CSH’s Livia Thomas contributed to this article.
Distributions from a retirement plan can only qualify for tax-free rollover if they are moved to an IRA or another qualified plan by the 60th day after the funds were separated from the account. In the past, individuals who failed to meet the 60-day time frame could only attain a waiver by requesting a private letter ruling from the IRS. But effective August 24, 2016, the IRS has provided a process (Revenue Proc. 2016-47) to help IRA trust companies and retirement plans that receive outside retirement plan rollovers that miss the 60-day requirement.
Now, taxpayers qualify for a waiver from the IRS if they 1) have not had a previously denied waiver request pertaining to the related rollover and 2) have met one or more of the following 11 circumstances:
- An error was committed by the financial institution receiving the contribution or making the distribution to which the contribution relates
- The distribution, having been made in the form of a check, was misplaced and never cashed
- The distribution was deposited into and remained in an account that the taxpayer mistakenly thought was an eligible retirement plan
- The taxpayer’s principal residence was severely damaged
- A member of the taxpayer’s family died
- The taxpayer or a member of the taxpayer’s family was seriously ill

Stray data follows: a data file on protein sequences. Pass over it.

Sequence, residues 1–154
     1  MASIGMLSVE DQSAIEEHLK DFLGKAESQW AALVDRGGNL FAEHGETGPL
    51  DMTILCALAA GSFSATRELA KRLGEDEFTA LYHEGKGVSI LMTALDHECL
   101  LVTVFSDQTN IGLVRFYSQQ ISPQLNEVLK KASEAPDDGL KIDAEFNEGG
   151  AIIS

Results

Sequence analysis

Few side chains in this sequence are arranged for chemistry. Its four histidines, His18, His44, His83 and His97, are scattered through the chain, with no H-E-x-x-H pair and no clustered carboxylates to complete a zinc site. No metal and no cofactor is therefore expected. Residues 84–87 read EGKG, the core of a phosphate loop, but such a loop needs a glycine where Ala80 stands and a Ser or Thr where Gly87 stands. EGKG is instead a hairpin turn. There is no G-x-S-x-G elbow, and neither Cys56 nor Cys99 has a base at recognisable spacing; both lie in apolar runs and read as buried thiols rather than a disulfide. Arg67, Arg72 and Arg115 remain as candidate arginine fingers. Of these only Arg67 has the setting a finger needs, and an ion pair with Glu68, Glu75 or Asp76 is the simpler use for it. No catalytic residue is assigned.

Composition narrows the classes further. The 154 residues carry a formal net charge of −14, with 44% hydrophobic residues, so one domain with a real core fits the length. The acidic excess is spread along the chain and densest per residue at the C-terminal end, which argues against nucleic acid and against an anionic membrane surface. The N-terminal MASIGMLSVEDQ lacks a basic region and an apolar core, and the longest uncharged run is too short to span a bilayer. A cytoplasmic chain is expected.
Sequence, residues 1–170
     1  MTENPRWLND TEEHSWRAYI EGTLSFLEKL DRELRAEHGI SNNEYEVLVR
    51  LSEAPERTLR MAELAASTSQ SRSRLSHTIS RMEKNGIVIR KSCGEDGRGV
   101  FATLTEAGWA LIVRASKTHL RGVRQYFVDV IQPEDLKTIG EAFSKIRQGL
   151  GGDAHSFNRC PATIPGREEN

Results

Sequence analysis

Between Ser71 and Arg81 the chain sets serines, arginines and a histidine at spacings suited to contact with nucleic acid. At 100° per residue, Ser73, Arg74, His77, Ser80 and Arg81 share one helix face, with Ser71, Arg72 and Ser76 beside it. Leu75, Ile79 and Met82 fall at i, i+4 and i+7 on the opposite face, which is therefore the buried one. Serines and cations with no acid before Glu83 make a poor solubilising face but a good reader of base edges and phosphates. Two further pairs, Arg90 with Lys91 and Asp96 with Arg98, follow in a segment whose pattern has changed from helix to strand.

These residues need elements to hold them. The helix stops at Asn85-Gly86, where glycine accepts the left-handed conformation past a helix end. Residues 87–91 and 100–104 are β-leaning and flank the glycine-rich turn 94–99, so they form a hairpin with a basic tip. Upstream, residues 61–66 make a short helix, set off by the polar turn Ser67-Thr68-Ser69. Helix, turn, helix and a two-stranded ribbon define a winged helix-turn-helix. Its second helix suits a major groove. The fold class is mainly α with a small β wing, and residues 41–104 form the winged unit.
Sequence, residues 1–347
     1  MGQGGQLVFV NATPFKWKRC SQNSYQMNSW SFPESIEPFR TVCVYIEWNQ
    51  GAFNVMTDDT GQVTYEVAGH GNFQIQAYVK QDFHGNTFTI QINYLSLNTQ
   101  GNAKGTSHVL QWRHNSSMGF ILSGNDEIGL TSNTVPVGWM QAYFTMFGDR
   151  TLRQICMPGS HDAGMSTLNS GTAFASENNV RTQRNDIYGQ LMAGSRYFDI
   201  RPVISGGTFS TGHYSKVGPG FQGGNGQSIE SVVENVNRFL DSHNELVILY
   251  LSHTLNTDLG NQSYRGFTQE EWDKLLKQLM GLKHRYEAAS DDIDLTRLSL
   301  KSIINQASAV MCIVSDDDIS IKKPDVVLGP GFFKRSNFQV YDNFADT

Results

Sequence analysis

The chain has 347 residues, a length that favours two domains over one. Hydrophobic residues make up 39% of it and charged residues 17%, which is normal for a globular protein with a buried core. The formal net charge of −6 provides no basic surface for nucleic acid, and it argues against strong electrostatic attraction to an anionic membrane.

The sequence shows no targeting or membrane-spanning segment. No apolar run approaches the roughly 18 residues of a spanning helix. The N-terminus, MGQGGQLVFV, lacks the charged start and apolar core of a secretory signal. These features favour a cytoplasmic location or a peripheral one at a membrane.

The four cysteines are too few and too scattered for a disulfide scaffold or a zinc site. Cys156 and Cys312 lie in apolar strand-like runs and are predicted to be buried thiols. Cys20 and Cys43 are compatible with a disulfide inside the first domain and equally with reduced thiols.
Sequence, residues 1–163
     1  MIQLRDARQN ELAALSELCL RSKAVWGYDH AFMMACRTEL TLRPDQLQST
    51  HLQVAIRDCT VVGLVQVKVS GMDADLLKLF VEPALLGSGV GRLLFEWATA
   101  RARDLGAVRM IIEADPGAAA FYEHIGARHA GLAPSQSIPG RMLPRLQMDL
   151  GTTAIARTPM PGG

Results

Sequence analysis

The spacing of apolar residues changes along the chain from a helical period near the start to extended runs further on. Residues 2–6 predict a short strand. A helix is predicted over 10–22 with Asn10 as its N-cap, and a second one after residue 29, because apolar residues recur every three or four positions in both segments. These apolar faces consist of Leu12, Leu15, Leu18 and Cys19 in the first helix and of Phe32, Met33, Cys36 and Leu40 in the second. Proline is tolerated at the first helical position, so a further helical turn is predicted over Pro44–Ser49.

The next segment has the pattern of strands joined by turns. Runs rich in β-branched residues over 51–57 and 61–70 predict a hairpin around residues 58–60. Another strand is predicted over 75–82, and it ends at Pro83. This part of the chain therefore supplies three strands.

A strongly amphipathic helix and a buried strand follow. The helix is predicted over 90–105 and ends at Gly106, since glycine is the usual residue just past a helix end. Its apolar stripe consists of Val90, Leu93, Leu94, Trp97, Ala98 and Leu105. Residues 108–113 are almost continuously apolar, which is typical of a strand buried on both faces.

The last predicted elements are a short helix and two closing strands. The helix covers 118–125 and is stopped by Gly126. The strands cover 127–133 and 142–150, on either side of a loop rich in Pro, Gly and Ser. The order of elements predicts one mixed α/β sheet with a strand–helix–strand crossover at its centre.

- The taxpayer was incarcerated
- Restrictions were imposed by a foreign country
- A postal error occurred
- The distribution was made on account of a levy under section 6331 and the proceeds of the levy have been returned to the taxpayer
- The party making the distribution to which the rollover relates delayed providing information that the receiving plan or IRA required to complete the rollover despite the taxpayer’s reasonable efforts to obtain the information
The taxpayer can provide to the plan administrator or IRA trustee a written certification that the conditions were met. The rollover must then be made to the plan or IRA within 30 days after the reason(s) above no longer prevent the taxpayer from making the contribution. A plan administrator or IRA trustee may rely on a taxpayer’s self-certification in determining qualification of the 60-day rollover waiver, and a taxpayer may report it as a valid rollover. However, the self-certification is not a waiver by the IRS, and during the course of an examination the IRS may determine that the taxpayer did not qualify for a waiver and therefore is subject to penalties and additional taxable income.
If you have questions about the new process or waiver qualifications, contact your CSH advisor.